If this happens, what have we learned?
1. The "we'll turn ourselves into a cable network" model isn't ready yet to get past the local stations. NBC kept insisting that it was okay if Leno's show got bad ratings, because it was going to be so much cheaper — an attitude that ignored the fact that the affiliates couldn't care less how cheap the show is and won't appreciate massive drops in the audiences for their 11:00 p.m. newscasts. Just bellying up to the idea of smaller ratings for cheap shows may be a very sensible thing from the network's perspective, but as long as there are local stations with their own problems, this model isn't fully cooked yet.
2. Stinks to be Conan. This is, for now, a rotten turn of events for Conan O'Brien. He'll get another job, but despite the fact that he isn't the one who had this brilliant idea in the first place, seeing him be the guy who gets whipsawed is a little painful.
3. Bridge-burning could backfire. Remember when NBC canceled Southland and made John Wells so mad that he started making public statements dripping with disgust? Right. Well, if this is happening, NBC now needs five more hours of prime-time programming as of ... about a month from now, and while they may be able to stall from March to May with reruns and Dateline and perhaps the staff's home movies, they're going to need a real schedule in the fall, and having damaged their relationships with people who work in scripted television could cramp their options a little. We won't know until they're farther into the process, but they've really agitated a lot of the scripted-TV world, and getting those relationships going again may take time.
There's a lot of dust to settle yet, even if Jay moving back to 11:30 pans out: Conan's future, how on Earth they fill all that time, how much of this is eventually traced back to Comcast (which is in the process of buying NBC), and what the long-term effect on the network's reputation will be.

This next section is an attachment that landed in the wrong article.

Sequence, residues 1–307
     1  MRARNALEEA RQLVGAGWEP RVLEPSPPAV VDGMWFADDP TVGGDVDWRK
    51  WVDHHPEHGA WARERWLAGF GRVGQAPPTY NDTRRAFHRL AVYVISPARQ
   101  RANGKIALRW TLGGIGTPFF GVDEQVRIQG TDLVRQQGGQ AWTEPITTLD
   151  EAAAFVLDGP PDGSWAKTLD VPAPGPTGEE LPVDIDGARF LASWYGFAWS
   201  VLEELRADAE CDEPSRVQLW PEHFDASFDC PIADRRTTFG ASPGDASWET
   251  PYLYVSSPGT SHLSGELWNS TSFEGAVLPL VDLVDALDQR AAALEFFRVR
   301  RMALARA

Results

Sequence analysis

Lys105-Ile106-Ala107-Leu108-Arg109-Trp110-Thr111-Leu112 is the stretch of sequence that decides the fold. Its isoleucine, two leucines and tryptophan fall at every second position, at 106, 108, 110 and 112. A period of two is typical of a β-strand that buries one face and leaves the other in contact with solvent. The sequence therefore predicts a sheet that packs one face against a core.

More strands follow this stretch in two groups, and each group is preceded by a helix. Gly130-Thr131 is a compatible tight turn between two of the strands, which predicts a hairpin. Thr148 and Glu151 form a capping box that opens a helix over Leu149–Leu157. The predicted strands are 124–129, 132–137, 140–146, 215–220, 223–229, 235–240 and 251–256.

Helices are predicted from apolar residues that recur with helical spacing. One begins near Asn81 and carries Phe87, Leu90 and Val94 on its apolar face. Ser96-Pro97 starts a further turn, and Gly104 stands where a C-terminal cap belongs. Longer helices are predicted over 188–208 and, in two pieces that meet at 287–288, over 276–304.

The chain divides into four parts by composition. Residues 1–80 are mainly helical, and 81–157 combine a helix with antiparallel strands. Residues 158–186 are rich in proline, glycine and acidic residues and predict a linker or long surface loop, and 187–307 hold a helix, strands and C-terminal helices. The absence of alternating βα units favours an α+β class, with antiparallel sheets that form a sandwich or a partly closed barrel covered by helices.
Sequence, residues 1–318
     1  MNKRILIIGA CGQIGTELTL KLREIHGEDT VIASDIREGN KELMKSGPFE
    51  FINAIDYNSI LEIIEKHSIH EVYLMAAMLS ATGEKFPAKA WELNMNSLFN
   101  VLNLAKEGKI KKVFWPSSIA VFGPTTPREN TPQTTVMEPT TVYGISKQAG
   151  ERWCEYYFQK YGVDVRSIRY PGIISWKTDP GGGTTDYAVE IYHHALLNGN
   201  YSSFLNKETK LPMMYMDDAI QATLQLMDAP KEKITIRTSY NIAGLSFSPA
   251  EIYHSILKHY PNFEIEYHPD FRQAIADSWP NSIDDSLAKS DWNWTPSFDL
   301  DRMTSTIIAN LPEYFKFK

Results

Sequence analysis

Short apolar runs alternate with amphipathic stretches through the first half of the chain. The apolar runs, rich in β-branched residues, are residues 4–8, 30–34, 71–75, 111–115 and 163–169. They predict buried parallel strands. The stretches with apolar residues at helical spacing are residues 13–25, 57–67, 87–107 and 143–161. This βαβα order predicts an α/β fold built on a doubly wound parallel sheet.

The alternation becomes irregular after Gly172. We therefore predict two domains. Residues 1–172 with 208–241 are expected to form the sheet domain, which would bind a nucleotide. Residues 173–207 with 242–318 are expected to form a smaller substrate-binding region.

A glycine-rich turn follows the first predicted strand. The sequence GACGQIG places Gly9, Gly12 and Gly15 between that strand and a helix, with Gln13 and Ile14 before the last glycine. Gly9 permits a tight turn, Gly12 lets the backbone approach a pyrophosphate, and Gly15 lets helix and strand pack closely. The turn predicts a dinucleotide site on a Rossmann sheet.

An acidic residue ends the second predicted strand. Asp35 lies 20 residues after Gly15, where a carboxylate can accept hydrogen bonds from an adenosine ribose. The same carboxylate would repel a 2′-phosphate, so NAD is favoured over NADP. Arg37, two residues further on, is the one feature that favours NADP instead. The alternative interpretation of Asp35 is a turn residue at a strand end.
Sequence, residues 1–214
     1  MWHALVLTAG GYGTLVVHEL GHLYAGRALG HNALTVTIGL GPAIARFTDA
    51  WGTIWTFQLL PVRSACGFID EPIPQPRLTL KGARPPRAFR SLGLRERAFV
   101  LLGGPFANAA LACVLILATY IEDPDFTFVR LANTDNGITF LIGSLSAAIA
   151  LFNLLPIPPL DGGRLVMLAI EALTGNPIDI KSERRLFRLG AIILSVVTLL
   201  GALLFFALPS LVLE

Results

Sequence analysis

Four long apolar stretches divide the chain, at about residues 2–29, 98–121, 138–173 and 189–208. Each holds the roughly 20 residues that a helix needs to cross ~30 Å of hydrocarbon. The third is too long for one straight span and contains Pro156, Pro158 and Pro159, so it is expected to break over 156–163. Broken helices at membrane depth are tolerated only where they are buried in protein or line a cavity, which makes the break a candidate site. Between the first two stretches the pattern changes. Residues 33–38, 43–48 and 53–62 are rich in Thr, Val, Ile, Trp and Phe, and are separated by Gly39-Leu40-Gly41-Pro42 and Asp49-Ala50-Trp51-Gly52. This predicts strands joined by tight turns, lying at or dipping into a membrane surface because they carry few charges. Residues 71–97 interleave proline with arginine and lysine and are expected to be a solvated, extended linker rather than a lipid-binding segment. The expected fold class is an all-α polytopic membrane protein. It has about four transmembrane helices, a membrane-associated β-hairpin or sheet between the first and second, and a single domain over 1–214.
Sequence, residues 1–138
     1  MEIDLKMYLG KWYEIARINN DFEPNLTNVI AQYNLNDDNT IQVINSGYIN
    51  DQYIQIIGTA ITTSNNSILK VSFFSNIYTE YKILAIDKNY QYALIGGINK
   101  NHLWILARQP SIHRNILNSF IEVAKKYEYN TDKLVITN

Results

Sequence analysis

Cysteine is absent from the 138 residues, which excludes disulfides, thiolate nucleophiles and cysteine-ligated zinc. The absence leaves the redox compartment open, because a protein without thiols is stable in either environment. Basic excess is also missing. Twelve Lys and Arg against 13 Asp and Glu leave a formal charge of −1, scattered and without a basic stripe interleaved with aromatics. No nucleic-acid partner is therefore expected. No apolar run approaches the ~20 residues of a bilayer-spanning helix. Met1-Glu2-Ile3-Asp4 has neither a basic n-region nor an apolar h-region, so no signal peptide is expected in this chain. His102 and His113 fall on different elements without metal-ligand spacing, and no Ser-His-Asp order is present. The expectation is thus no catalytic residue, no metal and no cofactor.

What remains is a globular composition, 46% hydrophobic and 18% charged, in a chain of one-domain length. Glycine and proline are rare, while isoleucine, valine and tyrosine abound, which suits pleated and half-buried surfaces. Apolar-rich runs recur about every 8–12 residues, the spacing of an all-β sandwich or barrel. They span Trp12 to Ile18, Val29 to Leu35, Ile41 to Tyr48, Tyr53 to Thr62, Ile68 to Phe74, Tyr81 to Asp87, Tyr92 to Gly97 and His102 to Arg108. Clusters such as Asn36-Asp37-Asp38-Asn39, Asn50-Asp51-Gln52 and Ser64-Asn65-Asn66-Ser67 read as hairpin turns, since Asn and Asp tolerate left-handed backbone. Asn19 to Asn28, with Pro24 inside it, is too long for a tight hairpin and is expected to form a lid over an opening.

In the short term, having said today that Leno's show was performing just as they expected it would, on the same day they now admit to Carter they were holding talks with Leno and O'Brien about the future of The Tonight Show, makes the network look silly. At the same time, the idea that this project was doomed has been conventional wisdom for a while, and if they know it's not going to work, then in the long term, there's not necessarily any great valor in leaving it on a long death watch to save face instead of just pulling the plug.
Whether putting Jay Leno back at 11:30, if that's what they decide to do, is the right move or not — that remains to be seen. It's certainly depressing, content-wise, for those of us who greatly prefer O'Brien's style to Leno's and hoped that when this all went kablooey, Jay would be the one who moved on. In any event, a couple of the network's executives are about to face a giant room full of TV critics, so they're going to wind up having to say something.